It was still dark when Netta and Tina rose. The stone floor was cold against their toes as they hurried across the room to quickly light the fireplace in hopes of generating some warmth. The two girls had tossed and turned all night in nervous excitement. Netta had received a letter from William a week ago saying that he had made the necessary arrangements and was ready for his fiancée to join him in England. Netta was set to sail on this evening’s tide, but not before the family held a goodbye party on her behalf.
The older women, Isabetta, Giulietta, and Bianca had gathered in the parlor to gossip and commiserate about how fast the years had been going by. Isabetta was saddened to see her daughter leaving home so soon so her sister, Bianca, tried to cheer her up by telling amusing stories from the convent.
The younger girls, Isabetta, Caterina, Tina, Maddalena, and Lucrezia had made their way to Netta’s room to do gossiping of their own. Netta had shown the girls her cassone , now full to the brim, and told them all about her husband-to-be. Soon enough, they settled down in a circle on the floor. “ So, Maddalena,” Netta began, “I hear you may have some happy news of your own soon.”
What Netta had said was true; Maddalena had recently become involved with a young man, Destry Wade, who went to school with Niccolo. While Maddalena had been more interested in more educational pursuits for quite some time now, she had found herself unexpectedly attracted to Destry.
Destry was originally from England but was sent to school in Florence to study with some of the better known humanists. He happened to go to school with Niccolo and they would sometimes walk home together.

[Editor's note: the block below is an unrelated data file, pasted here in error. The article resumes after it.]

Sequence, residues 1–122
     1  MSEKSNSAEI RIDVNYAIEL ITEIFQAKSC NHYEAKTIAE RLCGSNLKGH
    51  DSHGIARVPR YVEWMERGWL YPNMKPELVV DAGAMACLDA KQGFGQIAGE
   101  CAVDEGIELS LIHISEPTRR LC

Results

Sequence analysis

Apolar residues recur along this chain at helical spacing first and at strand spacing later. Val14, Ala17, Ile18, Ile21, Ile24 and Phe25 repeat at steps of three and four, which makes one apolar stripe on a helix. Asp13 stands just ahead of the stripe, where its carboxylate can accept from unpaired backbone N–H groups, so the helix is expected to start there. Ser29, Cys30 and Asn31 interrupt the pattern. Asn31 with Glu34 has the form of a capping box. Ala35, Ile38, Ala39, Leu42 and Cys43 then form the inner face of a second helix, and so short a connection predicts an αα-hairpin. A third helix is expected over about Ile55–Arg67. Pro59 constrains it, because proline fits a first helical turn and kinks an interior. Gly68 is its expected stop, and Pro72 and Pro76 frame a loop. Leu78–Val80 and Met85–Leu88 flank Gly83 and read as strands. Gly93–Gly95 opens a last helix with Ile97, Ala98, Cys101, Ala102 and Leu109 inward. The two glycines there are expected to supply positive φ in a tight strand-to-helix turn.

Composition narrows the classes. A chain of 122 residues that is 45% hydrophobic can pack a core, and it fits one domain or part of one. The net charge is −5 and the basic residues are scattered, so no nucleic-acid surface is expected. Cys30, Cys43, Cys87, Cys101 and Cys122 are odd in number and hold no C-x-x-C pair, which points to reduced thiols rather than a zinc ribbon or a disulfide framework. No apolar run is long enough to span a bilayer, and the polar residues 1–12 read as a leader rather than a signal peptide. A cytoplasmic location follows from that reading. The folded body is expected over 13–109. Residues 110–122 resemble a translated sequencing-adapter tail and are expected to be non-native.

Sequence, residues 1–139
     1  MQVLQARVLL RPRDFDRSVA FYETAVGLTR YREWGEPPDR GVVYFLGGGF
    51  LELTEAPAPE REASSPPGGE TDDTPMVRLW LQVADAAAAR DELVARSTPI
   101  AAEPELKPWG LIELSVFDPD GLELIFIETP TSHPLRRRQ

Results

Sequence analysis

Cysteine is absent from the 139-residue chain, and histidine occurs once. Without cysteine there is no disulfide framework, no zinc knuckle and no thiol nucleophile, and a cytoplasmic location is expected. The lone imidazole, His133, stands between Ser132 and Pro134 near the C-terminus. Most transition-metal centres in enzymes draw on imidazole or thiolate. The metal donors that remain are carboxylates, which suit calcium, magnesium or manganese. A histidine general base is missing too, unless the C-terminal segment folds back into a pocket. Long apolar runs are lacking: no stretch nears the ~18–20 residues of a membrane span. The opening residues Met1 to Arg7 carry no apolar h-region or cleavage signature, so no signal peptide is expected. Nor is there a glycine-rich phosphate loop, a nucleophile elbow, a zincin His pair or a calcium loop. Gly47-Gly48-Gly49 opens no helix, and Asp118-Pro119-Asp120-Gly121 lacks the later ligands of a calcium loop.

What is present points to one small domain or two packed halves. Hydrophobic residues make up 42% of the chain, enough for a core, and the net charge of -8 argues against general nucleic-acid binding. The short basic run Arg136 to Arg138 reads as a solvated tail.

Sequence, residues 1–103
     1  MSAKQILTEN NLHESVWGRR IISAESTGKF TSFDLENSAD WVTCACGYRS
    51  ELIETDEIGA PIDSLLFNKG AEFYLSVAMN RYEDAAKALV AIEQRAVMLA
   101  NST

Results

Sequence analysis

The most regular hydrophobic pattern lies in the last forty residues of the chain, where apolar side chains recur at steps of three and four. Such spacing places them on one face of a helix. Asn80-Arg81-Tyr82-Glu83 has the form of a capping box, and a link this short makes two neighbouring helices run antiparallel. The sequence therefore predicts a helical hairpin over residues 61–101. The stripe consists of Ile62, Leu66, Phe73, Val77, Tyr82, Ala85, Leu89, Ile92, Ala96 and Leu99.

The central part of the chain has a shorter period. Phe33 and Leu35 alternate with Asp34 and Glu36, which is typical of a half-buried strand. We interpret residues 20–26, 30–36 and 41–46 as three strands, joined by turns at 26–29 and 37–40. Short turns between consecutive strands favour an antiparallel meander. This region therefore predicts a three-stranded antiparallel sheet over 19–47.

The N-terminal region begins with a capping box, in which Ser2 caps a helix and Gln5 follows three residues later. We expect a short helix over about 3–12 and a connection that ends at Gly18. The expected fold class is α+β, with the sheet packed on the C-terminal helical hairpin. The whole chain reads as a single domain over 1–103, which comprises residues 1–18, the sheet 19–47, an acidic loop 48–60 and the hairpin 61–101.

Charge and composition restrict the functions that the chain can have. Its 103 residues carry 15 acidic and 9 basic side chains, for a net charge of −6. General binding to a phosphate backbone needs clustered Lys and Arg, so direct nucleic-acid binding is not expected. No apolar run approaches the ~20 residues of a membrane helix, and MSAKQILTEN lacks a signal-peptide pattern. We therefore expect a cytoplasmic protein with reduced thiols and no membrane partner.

Maddalena would sometimes get into spirited debates between her brother and his friend, but one thing led to another and, before she knew it, she and Destry were more than just companions.
Maddalena blushed and averted her eyes. Her whole family knew about Destry and many of them suspected he would ask for her hand sometime soon. “ So, what is he like?” Netta coaxed her cousin to tell more. Maddalena blushed even harder, but started telling enough about Destry to satisfy her cousin’s curiosity.
Down the hall, Leonardo was playing with his cousins, Giuseppe and Christoforo, rather loudly. They were running through the halls, shouting and jumping and having an all around good time. They were too young and wild to concern themselves with Netta’s impending voyage.
The older men were loitering in the dining hall enjoying some wine and discussing business. Since Niccolo had recently turned fifteen, he was considered old enough to spend time in the adults’ company and not playing with the younger children, a fact that he very much enjoyed.
The day passed quickly and, before she knew it, Netta was saying her last goodbyes to her relatives. “ Goodbye, dearest cousin,” she said, hugging Maddalena tightly. “I’ll write as soon as we land in England, I promise!” “ And I will write you back!” Maddalena answered and stepped aside so the rest of the family could hug Netta and extend their best wishes for her future.
The trunks had been carried to the dock this morning where the boat was moored, waiting to take Netta on her journey. She had only packed the essentials for her future household; William had promised her a new wardrobe, one better suited to the English styles, once she arrived in London. Tina would be traveling with her, along with Isabetta, Antonio, and Leonardo. Her family would stay a few months until after the wedding, but Tina would take up residence with her friend at Stone Rose Manor. The family said their final goodbyes and piled into the carriage.